Rating : 4/5 4.0 out of 5.0 stars
As the name and cover suggest, “Faster” is all about cars and not just cars – AI-based self-driven cars. The opening scene of Ted’s reckless driving while handling technicalities sets the correct tone of the story. Ted’s character is a typical sci-fi speed-obsessed young man who is autonomous, can solve anything, has no time to waste, needs everything faster, etc.
His qualities to fix almost everything led to his recruitment into DARPA under a stern supervisor for a self-driven vehicle challenge. As expected, the team of techies gets stuck onto some knotty problems, and Ted resolved that within minutes by the presence of mind and impresses everyone. I expected team members to despise him, but they all respected him and sought his assistance.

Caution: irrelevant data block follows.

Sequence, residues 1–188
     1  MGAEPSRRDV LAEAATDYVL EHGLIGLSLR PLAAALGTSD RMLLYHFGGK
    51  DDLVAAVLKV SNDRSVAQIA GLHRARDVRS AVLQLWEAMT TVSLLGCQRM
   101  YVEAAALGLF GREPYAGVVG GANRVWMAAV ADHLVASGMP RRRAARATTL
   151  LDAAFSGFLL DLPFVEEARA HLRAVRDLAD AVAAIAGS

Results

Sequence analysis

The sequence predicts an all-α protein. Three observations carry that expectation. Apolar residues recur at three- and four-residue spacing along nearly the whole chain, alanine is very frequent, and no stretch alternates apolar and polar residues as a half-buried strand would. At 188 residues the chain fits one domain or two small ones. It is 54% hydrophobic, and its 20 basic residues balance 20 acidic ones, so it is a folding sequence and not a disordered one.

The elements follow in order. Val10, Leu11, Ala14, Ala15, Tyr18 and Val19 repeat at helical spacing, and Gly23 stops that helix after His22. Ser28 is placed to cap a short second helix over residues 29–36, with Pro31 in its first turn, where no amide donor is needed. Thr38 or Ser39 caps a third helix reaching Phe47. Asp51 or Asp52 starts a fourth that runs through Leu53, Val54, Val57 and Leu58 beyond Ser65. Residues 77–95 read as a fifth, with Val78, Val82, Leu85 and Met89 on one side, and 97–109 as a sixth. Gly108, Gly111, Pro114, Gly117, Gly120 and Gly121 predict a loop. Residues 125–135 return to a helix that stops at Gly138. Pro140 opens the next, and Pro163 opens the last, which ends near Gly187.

The most exciting part is the race itself, where an overconfident Ted meets with a rival team led by an attractive woman Sam – A beauty with the brain. The group emerged out as a formidable opponent. Such encounters almost always get converted to a love story, and this is not an exception. I felt it to be a quibble in a fast-paced story. Sam is throughout the challenge humiliating Ted at every opportunity, and suddenly, she became so sympathetic towards him she came along to travel together and enjoyed a romantic time in between the stress of finals. The fanciful story of Sam and Ted appears to be forced and doesn’t invoke genuine emotions.
The process of building their vehicle “Cyclops” for the DARPA fast challenge progresses with time lapses of months. The author should have built up some more tension during this time.
I expected the race to be the main event and climax of the story, but it gets over in the initial 30 percent of the book. The rest of the part has two other races and preparations, which were not too thrilling. The story closes on a satisfying note. It is an enjoyable read which should have been compressed a bit. The challenge keeps you on the edge most of the time. It emphasizes the promising future of self-driven cars.